Ghosts Series Four | Interview with Kiell Smyth-Bynoe (Mike)

Why do you think audiences find Mike so lovable? 

It’s because he’s so long-suffering. People put themselves in Mike’s shoes and ask, “What would I do in that scenario where I can’t see the ghosts?” The frustration is also something that people love. Mike’s exasperation as he tries to see the ghosts and to be in the same position as his wife is very enjoyable to watch. 

What’s the big storyline for Mike in season four?

Series four is about the guest house and trying to create the perfect B&B experience. Mike and Alison are trying to get the best reviews – that is their main goal for the series. In the first episode, they get their first customers, and we see how Mike and Alison respond in their own different ways to praise and complaints.

Presumably the ghosts aren’t too happy about B&B guests coming to stay?

They’ve only just started to accept Mike and Alison! So the idea of having even more people in the house – for Lady Button especially – is really not what the ghosts want. But Lady Button soon gets involved in the guests’ business and has strong opinions on how they’re conducting themselves in the house. 

The idea of being trapped is very topical, isn’t it?

Definitely. We were very fortunate to be able to get series two in the can just before the whole world shut down. And that meant that it was broadcast in September 2020 when there weren’t many shows coming out because things hadn’t been finished or weren’t being made. Being stuck in the house is the theme of the show, so it’s definitely relatable in that sense. That theme has been a part of everyone’s reality in the last few years. 

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Why do you think the show has been such a success?

Because there’s definitely going to be a character in Ghosts that you can relate to. One of the characters will be like someone in your family or someone you live with. There will always be a character that will resonate with you. Everyone’s got their favourites and for their own reasons. The show is also full of so many things – stories, backstories, characters, personalities, jokes, different types of humour – that there’s something for everyone.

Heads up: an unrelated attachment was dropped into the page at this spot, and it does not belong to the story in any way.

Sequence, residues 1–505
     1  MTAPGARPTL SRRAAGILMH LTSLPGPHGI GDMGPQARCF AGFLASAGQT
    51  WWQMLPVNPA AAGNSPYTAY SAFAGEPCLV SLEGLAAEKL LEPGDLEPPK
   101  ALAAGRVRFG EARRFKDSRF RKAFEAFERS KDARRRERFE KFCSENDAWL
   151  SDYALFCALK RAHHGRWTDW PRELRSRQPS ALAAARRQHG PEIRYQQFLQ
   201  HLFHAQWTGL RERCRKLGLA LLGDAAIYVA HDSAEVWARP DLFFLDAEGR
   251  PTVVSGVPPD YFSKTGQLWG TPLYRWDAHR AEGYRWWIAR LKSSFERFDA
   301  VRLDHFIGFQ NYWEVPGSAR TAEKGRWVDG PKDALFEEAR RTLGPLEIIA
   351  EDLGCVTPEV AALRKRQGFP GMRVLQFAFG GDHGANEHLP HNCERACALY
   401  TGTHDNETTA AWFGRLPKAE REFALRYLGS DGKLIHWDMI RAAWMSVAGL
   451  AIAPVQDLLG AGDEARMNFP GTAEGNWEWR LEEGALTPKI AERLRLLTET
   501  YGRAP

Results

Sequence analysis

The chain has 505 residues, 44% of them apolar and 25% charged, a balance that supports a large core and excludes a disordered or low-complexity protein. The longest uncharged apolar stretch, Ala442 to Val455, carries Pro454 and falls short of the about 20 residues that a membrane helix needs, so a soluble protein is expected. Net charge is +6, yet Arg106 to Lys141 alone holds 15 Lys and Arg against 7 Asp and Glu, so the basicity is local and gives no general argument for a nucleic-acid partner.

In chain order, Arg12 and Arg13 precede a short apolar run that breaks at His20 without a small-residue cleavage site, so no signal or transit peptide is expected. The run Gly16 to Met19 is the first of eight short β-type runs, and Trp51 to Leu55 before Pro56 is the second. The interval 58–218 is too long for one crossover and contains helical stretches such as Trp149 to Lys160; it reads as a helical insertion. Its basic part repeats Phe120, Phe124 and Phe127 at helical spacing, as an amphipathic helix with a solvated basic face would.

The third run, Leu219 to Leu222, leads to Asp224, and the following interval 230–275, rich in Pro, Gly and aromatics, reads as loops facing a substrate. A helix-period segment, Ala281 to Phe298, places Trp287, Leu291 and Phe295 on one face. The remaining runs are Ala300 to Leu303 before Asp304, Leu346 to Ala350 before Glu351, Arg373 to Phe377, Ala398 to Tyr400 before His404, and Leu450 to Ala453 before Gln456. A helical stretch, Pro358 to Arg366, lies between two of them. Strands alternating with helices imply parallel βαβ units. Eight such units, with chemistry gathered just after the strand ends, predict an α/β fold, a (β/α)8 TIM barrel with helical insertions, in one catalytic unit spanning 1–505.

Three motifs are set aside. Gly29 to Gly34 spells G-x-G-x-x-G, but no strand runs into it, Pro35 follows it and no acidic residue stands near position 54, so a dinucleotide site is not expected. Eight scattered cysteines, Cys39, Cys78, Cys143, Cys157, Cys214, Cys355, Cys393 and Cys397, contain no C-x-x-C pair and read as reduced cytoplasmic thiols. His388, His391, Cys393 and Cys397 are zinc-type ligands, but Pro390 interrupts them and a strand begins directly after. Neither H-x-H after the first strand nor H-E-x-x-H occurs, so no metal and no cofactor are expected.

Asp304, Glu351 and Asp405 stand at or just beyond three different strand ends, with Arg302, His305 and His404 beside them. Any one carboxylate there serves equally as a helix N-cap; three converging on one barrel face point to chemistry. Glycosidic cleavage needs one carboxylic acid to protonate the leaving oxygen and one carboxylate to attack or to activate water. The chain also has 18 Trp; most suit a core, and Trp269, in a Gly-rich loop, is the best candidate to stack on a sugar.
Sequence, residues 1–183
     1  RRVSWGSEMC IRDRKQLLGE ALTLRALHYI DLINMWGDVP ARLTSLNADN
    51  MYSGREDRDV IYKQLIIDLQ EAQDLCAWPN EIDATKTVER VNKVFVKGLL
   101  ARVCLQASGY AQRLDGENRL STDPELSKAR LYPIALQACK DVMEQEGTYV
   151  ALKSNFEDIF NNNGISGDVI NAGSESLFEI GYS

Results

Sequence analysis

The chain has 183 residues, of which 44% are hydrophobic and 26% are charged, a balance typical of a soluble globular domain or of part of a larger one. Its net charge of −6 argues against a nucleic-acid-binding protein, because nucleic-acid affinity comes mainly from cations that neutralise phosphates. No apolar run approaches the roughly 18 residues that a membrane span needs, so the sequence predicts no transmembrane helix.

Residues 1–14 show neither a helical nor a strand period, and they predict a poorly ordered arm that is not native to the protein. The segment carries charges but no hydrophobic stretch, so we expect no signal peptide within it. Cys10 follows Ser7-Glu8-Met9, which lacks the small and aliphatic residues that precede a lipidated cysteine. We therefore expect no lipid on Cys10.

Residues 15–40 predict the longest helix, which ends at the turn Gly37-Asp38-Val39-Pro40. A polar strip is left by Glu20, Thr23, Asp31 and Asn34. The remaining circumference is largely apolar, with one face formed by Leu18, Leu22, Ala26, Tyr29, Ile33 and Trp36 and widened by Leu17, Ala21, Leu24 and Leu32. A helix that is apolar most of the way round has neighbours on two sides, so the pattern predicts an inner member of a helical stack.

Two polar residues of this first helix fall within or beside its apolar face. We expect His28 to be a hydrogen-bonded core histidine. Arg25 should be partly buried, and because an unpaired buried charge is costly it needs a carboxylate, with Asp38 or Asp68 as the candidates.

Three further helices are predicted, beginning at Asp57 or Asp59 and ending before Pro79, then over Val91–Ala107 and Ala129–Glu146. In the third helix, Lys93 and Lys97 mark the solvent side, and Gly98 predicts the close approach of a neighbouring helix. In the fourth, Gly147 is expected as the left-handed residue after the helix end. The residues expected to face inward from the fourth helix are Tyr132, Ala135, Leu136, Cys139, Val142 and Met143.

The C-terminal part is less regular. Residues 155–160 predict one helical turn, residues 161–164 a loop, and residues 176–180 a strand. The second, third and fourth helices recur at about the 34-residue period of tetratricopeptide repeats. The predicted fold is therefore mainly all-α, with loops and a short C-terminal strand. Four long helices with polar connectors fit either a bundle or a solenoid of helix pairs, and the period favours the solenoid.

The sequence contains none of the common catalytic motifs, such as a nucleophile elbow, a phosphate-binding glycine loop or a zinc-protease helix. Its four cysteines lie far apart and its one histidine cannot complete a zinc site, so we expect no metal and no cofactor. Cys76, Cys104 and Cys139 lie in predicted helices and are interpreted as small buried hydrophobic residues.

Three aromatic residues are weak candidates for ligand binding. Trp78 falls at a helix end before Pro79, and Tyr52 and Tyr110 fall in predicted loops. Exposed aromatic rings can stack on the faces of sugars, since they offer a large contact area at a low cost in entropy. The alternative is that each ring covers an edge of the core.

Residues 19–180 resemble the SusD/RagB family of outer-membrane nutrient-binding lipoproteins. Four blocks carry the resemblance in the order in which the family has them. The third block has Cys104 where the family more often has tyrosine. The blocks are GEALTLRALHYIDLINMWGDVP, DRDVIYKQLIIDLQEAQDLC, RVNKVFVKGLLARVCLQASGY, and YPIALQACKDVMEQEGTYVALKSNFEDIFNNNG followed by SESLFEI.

Is another reason why Ghosts has been such a hit because you work so well as a team? 

Definitely. I genuinely think this show has some of the best comedy performances in the UK. It’s such a delight that we all get to be in it together. It’s just an incredible ensemble of comedy performers who are intent on finding the funniest thing. No one’s there phoning it in or just there for the day rate. Everyone really wants to do their best work, and that is why the show is so funny. We know that if we genuinely make each other laugh on set, we can bring laughs to an audience as well.

Do fans come up to you and say how much they love the show?

Yes. One of the things that is different to any other programme I’ve been involved in is that fans quite often say it’s the only show they watch as a family. Sometimes adults will tell me it’s the only show that their kids will sit and watch with them. That’s one of those times where you go, “Actually, this job is important.” I toy with that myself. I sometimes ask myself if being an actor is important. Some of these things don’t matter at all. But occasionally, you’ll meet someone who says something like that, and you’ll think, “Yes, this job is actually really worthwhile.”

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Can you amplify that?

It’s one of those moments where you’re proud of what you do. I know that there are various people in the industry who have different ideas about awards. It’s very easy to be annoyed if something didn’t get the accolades that you think it should have. But I think someone stopping you in the street to tell you your show brings their family together is as high as an accolade as you can get. 

How have you found it working with Charlotte?

She will eat a lot of Monster Munch if there’s a scene where we have to kiss. She’s going to go through a multipack of Monster Munch. I’m talking all ten of them. Take from that what you will. Everyone says, “Oh, she’s such a nice girl.” But they don’t know how much money she spends on Monster Munch, just to get at me! She doesn’t even like them!

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Alastair James is the editor in chief for Memorable TV. He has been involved in media since his university days. Alastair is passionate about television, and some of his favourite shows include Line of Duty, Luther and Traitors. He is always on the lookout for hot new shows, and is always keen to share his knowledge with others.